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    Teaching easy? :lol: I kept my schedule EXACTLY the same up until the last day of school. My special ed munchkins would eat me alive if I changed anything.

    We've got quite a few teachers at my school whose favorite line is "my contract time is over," "I don't get paid to attend after school functions," etc. No one is saying to do everything we all have families but occasionally it would be nice. Those teachers all got cut this year. :whistle:
     
  30. Unbeknownst

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    *Late Thread Joiner*

    Personally, I'm looking forward to all the opportunities to interact with my peers and students outside of school hours.

    I work in a corporate environment right now, and hanging out outside of work means moaning and complaining about work. What!?!?

    I for one enjoy life, and complaining all day is not my idea of a self-fulfilling life.
     
  31. cmw

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    Movies are shown often at my school. :( This was the first year I actually showed a movie. The students knew it was a treat b-c I never show them. We watched different scenes from Cirque de Soleil's "Alegria". (They had actually come into Cleveland recently which helped when explaining that they were real people. :lol:)
     
  32. Soccer Dad

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    What bothers me the most is when teachers lower their standards (which aren't high to begin with in NY). For instance, a teacher didn't feel like her students would "get" the industrial revolution (because it's just soooo hard!?!?) so all she taught them was that it started in Britain and spread to America and other parts of Europe. This is usually the only question about the industrial revolution on the Regents exam, but what about the impact on society? economics? um, Marx? the basis for communism? what about its effects on child labor, women and the family?

    So a topic I spend two weeks on was covered in a single (1 40 minute period) in that teacher's class. hmmm.....
     
  33. deedee

    deedee Connoisseur

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    Soccer Dad- I cant wait to teach US history next year!! Im surprised she cut that so short.


    I am a new teacher and I feel like I worked by butt off this year! It was a wonderful year full of laughter, tears and a few sighs of frustration. I never went into teaching thinking it would be easy, I knew full well that it is a constant cycle of preperation, reflection and effort. I think you have to go a little easy on the naive first year teachers ...Im sure many of you started the same way :) and if not understand that some teachers need time and mentors like the wonderful people on this bored to grow into their own. It takes time to get a handle on all the aspects of this wonderful profession! If they really have a passion for this profession all the parts will come together and they will be wonderful teachers!
     
  34. Soccer Dad

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    deedee, I understand that the first few years of teaching are hard. I went through that difficult period of "Oh, they didn't tell me that in college..." but I do try to help the new teachers. I share my worksheets, lesson plans and exams. I ask how everything's going and offer advice. But when a teacher has been teaching for 5 years and has tenure AND has reduced an important World History topic down to 1 period?? that's when I start to judge.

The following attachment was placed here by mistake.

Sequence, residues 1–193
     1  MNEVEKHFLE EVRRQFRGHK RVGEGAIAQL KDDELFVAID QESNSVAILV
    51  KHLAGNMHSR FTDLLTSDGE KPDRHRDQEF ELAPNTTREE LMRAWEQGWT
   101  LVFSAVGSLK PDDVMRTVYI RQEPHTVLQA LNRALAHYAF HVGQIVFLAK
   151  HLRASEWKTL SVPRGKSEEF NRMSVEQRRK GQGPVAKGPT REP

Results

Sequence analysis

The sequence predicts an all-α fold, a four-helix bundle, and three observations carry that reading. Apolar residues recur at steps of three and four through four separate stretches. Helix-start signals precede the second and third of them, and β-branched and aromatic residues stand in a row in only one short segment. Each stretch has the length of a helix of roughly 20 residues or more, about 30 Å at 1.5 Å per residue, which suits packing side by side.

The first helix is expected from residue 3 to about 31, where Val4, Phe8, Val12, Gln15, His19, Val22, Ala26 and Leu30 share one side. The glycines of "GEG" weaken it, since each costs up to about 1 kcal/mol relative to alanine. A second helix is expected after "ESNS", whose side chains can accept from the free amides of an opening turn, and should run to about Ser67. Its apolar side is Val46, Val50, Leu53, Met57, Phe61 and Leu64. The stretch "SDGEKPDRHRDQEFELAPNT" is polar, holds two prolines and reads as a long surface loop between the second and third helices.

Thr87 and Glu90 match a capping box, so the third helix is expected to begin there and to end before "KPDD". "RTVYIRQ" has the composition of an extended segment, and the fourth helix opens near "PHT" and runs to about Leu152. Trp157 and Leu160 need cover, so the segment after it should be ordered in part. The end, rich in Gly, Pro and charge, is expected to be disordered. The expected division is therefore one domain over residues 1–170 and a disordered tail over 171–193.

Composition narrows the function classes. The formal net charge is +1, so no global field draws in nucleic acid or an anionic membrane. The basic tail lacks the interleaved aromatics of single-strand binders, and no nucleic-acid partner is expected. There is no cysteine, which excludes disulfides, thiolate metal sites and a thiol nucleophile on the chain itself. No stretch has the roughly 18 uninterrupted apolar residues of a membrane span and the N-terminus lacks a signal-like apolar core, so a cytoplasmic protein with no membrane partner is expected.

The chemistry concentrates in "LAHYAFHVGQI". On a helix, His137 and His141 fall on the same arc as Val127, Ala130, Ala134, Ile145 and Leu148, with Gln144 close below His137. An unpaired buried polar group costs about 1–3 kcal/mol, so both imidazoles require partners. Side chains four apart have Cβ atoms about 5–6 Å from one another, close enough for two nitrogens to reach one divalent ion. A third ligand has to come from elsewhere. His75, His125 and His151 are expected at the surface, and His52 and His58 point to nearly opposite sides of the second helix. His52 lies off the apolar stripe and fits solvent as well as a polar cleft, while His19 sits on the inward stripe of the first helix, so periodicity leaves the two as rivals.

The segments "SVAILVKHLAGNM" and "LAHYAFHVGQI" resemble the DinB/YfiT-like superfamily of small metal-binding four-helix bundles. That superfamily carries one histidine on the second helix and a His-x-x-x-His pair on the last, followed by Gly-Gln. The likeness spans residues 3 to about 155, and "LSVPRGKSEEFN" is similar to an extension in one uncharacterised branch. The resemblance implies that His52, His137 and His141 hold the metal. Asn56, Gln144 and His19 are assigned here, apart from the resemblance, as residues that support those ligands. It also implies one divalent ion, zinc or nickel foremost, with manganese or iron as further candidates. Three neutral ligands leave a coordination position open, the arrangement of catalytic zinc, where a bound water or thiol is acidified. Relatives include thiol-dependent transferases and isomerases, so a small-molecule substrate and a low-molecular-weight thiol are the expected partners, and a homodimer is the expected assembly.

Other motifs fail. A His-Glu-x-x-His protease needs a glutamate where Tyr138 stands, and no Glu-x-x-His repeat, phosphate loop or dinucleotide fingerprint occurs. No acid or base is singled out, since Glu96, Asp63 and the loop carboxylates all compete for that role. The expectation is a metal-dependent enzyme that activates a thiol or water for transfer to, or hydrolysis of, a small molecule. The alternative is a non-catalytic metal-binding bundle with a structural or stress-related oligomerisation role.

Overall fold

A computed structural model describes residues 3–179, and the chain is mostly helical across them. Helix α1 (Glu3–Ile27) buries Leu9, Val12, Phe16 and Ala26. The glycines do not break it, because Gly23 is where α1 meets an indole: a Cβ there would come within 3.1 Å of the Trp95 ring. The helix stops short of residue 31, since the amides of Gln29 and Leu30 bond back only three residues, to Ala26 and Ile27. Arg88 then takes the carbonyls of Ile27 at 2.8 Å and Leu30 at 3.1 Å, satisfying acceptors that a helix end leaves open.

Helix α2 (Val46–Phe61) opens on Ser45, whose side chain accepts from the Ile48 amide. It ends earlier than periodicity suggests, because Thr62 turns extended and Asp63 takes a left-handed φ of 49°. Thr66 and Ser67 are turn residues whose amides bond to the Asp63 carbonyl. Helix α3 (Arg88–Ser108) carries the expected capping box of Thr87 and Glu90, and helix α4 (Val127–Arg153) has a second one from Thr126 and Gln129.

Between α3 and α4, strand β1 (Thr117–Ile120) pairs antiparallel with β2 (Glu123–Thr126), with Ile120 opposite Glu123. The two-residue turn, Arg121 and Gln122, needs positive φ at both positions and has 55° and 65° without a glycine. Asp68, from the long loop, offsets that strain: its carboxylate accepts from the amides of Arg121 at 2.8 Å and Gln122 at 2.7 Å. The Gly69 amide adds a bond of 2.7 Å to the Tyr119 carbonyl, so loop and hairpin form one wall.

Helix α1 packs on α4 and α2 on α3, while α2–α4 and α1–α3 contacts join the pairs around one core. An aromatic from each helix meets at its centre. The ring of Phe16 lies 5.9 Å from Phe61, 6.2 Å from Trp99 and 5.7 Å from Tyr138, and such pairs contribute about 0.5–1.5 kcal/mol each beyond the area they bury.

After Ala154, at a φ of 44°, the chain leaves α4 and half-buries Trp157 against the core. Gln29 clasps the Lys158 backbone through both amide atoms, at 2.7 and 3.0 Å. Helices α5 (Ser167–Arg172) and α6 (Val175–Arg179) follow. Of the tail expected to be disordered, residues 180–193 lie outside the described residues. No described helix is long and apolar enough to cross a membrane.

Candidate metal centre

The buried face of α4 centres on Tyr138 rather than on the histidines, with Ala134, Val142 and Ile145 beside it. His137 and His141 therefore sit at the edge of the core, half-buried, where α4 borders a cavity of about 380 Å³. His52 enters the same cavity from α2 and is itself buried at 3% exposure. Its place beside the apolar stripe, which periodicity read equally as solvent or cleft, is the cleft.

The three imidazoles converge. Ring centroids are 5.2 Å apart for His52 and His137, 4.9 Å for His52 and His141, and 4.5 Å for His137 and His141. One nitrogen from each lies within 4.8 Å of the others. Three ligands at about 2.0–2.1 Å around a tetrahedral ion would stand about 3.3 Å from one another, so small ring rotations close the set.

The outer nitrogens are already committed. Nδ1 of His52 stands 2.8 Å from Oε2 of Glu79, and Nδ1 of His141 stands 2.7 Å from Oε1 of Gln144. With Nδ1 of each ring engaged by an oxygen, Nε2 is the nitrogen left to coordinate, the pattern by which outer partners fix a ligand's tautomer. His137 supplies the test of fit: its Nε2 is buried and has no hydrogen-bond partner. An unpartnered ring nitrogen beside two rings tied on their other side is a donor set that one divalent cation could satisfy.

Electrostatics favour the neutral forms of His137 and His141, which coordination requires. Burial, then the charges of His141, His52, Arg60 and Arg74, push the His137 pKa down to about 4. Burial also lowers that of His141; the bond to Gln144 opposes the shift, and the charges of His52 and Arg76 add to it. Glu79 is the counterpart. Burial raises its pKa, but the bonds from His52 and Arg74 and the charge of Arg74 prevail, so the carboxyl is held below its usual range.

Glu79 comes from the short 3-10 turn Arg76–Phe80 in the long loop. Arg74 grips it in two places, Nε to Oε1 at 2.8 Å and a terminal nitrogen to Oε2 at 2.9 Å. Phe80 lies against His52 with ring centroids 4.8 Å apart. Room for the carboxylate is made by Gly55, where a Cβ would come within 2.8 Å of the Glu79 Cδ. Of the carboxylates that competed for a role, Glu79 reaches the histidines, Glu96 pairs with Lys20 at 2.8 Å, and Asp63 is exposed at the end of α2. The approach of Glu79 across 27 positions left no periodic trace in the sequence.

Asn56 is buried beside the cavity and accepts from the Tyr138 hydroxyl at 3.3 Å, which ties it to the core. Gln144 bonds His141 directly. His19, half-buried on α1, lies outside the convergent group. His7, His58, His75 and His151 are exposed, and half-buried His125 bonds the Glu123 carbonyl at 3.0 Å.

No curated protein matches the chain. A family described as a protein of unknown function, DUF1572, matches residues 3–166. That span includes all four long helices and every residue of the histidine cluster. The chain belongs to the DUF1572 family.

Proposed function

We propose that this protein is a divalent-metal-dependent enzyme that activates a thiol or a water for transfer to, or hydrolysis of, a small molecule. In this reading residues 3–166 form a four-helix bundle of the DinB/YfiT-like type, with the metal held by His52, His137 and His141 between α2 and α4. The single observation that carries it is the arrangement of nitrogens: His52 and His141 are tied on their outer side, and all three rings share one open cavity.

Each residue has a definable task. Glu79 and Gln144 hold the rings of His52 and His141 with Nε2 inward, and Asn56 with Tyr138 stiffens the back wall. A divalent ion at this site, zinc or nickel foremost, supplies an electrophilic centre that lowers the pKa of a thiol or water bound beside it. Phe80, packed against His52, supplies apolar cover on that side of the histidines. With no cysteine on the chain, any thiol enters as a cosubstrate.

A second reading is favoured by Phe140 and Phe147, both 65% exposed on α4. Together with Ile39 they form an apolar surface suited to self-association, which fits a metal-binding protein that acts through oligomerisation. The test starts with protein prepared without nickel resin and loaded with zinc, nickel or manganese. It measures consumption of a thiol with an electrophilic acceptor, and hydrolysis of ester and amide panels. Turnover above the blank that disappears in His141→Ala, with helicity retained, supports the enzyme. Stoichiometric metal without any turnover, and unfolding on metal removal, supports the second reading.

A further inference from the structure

35. deedee

    deedee Connoisseur

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    oh I understand thats a horse of a different color! I cant imagine being so unmotivated with my teaching that I do that! We do not have tenure and I am happy about that! I might have lost my job simply because I was one of that last hired while others who had been at the school longer but are in my eyes ineffective kept their positions.
     
  36. JackTrader

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    As a sub, I actually grew to dislike having to show movies as part of the lesson because the kids would take it as a license to goof off and I would actually spend as much or more time having to monitor them.
     
  37. ms.

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    I worked one summer with a substitute teacher (she had an elem. ed license) who told me "I wanted to become a teacher because I thought it would be easier than being a cashier. I cashiered for three years, but you don't get many breaks. But, teachers get lots of breaks: recess, music, art, field-trips."

    I have never had to try so hard not to laugh!

    She was my younger sister's student teacher for a few months; I could tell you some crazy stories. She mixed up the Revolutionary War and the Civil War. She taught a whole week long on the two wars but mixed up. I know this because I saw the study sheet she gave the students. :eek: She was passed (it was her third try at student teaching.) However, I have been told by various teachers that she will not be hired in the district.
     
  38. smalltowngal

    smalltowngal Multitudinous

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    ms.~that's CRAZY!! Why would anyone pass a student teacher who didn't know the difference between the Rev. and Civil War?!?!